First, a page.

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06/04/2016

UHD/4K Production: Video Infrastructure Challenges & Solutions

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Many analysts in the broadcast and video service provider industry are predicting that UHD/4K will take off on global scale this year, based on growing consumer demand, says Ian Trow, Senior Director Emerging Technology & Strategy at Harmonic.

In fact, market research firm IHS recently reported that by 2019, more than 50 percent of all households in the United States, Europe and Japan are expected to have smart TVs, with many of these sets being 4K or higher UHD models.

Obviously, before that can happen, a 4K production infrastructure needs to be put in place. Yet, many broadcasters are reluctant to invest much in infrastructure because they've come to the realization that proprietary hardware with bespoke broadcast interfaces will be short-lived in this new virtualized software world.

This article will examine the present state of production infrastructure in the broadcast environment, taking a look at the challenges that operators face when looking to deliver UHD/4K content. Solutions will be discussed, including the benefits of migrating to UHD/4K for ingest and playout.

Current State of Broadcast Production Infrastructure
Right now, the majority of broadcast infrastructure utilized to produce live links is based on 3G SDI. While there's an overall drive in the industry toward IP, it's essentially centered on bespoke broadcast hardware. For scalability to exist, the broadcast industry needs to migrate toward using infrastructure and post-production techniques that allow quick transmission of live events. The methods that are traditionally used for UHD/4K assets in cinema, in terms of color grading and offline editing, are simply not appropriate for live event coverage.

The industry is in a state of paralysis at the moment. Broadcasters are aware of the benefits of standard IT infrastructure, but they also have an eye on quickly addressing the demand for UHD/4K premium assets, in time to provide coverage of the European football championship in France later this year.

As broadcasters look to deploy UHD/4K services, one of the key challenges they face is whether or not to purchase new equipment that is likely to have a short lifespan. Soon enough there will be next-generation Ethernet interfacing on standardized COTS (Commercial Off The Shelf) infrastructure with the capability to handle the functionality and performance of video production as software applications. Light video compression will undoubtedly be used during the production workflow to alleviate the obvious challenges presented by video, namely bandwidth. It’s really a question of balance with using bespoke ingest, playout and switching capabilities in the short term, with the ultimate strategy of transitioning to IP when ready.

What is the Solution?
Broadcasters' UHD/4K video production challenges can partially be resolved by standards and de facto profiles existing. The solution also involves switching over to COTS based infrastructure. There are proof of concepts; however, they don’t yet match the kind of density and performance requirements that are needed for dedicated video switchers in the production environment.

Ingest and playout will play an important role as well. Many broadcasters are looking to upgrade their facility to IP. The end goal is to use as much COTS based infrastructure as possible, creating separation between the underlying processing hardware and the video production specific applications running on it while using IP as the principle interconnect. From a practicality standpoint, most ingest and playout systems available today are not the real deal. They're mainly 3G SDI based, running on bespoke and often proprietary hardware, with an occasional IP interface. Broadcasters need standard COTS-based solutions, where the underlying hardware is standardized, limiting video-specific functionality to software applications. A continual challenge in the production environment is to reconcile the bandwidth needed to sustain video within the capability of the underlying infrastructure. While uncompressed is the ideal scenario from a quality standpoint, the use of compression and file-based workflows have a key role to play to enable the move toward a virtualized, all-IP workflow.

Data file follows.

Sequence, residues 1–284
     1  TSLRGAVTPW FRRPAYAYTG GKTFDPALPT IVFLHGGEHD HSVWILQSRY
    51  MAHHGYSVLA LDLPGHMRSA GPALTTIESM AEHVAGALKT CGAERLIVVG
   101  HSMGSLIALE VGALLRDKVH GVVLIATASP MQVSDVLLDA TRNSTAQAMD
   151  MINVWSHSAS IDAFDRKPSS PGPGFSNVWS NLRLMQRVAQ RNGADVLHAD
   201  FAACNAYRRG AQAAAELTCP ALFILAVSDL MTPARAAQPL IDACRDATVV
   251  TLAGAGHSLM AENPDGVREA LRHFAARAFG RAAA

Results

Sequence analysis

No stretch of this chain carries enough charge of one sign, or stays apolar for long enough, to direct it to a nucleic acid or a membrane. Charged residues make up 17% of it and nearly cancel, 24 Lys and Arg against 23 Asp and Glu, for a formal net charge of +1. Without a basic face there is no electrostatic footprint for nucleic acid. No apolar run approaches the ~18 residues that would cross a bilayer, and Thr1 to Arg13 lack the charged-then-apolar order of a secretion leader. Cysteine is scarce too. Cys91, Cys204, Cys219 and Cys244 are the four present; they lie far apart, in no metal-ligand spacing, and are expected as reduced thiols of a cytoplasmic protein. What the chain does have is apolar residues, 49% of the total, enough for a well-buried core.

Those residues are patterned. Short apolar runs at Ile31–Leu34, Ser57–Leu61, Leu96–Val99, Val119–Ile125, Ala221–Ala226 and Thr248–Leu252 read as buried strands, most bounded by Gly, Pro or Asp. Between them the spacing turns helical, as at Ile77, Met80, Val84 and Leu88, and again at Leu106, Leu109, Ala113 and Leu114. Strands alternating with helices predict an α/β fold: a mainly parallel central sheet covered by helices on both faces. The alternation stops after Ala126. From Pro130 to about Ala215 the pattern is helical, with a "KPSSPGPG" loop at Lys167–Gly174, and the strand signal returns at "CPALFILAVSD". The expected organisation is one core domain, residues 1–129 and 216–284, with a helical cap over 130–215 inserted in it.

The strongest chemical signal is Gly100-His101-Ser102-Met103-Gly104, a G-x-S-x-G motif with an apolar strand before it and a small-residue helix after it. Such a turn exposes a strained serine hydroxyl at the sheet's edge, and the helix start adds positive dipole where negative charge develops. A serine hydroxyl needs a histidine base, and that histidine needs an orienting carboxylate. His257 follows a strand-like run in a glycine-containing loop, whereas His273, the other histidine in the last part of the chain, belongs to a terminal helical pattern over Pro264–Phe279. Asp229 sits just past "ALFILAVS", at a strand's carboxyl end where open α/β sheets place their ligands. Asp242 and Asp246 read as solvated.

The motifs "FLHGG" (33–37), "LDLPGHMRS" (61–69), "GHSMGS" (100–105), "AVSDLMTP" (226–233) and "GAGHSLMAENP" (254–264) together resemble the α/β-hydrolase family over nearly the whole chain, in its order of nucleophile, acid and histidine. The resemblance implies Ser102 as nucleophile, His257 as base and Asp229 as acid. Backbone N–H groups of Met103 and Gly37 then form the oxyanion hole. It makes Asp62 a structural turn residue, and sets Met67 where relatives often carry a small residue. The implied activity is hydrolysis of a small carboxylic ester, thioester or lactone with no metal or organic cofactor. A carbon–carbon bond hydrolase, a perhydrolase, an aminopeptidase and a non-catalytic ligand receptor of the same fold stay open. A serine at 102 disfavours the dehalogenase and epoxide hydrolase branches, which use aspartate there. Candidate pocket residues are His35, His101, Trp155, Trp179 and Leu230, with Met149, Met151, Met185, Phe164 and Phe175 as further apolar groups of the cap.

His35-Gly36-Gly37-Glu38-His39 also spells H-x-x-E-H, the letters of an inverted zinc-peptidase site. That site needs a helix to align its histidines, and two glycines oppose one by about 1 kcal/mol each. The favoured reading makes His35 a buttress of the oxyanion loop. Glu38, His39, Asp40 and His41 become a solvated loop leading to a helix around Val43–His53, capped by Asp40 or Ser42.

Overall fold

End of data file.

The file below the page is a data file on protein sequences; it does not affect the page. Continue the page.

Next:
Conclusion
The limited functionality and legacy interfacing of today's ingest and playout systems means that 1080p infrastructure is often being considered as an intermediary while UHD/4K capability emerges on standardized COTS platforms. Ultimately, broadcasters want to migrate to true UHD/4K ingest and playout so that they can deliver superior video quality. Choosing an IP-based system will enable them to bring new levels of efficiency, simplicity and reliability to broadcast playout workflows. At the moment, we are seeing huge demand for these solutions.

Harmonic is expanding the capabilities of its existing products to address the UHD/4K production needs of the broadcast industry. At the 2016 NAB Show, booth SU1210, Harmonic will demonstrate its Spectrum™ X, now supporting UHD/4K, along with a wide range of encoding solutions available as appliances based on standardized hardware or software for vendor implementation.

Clearly, the industry needs true network storage for both 4K and UHD production. The latest capabilities for Spectrum X will go a long way to meet the immediate needs of those embracing quad 3G for UHD playout, with an eye to the future where flexibility to adopt both next-generation IP interfaces (40G/100G) and production appropriate compression will apply.

www.harmonicinc.com

(JP)
VMI.TV Ltd

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